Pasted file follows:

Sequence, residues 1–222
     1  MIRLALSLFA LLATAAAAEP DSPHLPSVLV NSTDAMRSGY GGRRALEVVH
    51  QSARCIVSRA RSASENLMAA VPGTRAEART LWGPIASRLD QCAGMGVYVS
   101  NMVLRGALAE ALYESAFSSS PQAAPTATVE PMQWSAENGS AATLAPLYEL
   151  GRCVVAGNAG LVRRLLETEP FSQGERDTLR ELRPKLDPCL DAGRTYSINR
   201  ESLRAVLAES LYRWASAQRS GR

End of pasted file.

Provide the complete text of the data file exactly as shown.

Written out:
Sequence, residues 1–222
     1  MIRLALSLFA LLATAAAAEP DSPHLPSVLV NSTDAMRSGY GGRRALEVVH
    51  QSARCIVSRA RSASENLMAA VPGTRAEART LWGPIASRLD QCAGMGVYVS
   101  NMVLRGALAE ALYESAFSSS PQAAPTATVE PMQWSAENGS AATLAPLYEL
   151  GRCVVAGNAG LVRRLLETEP FSQGERDTLR ELRPKLDPCL DAGRTYSINR
   201  ESLRAVLAES LYRWASAQRS GR